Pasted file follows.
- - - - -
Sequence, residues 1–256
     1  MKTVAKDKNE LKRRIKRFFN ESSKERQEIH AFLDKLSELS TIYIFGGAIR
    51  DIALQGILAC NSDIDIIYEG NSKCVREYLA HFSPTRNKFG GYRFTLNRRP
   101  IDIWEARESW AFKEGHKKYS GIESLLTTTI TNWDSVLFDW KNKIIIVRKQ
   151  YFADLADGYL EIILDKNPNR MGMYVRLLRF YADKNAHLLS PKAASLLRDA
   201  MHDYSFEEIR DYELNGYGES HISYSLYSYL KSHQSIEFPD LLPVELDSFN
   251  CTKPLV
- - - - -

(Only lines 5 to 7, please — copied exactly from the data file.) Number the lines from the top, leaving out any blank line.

   151  YFADLADGYL EIILDKNPNR MGMYVRLLRF YADKNAHLLS PKAASLLRDA
   201  MHDYSFEEIR DYELNGYGES HISYSLYSYL KSHQSIEFPD LLPVELDSFN
   251  CTKPLV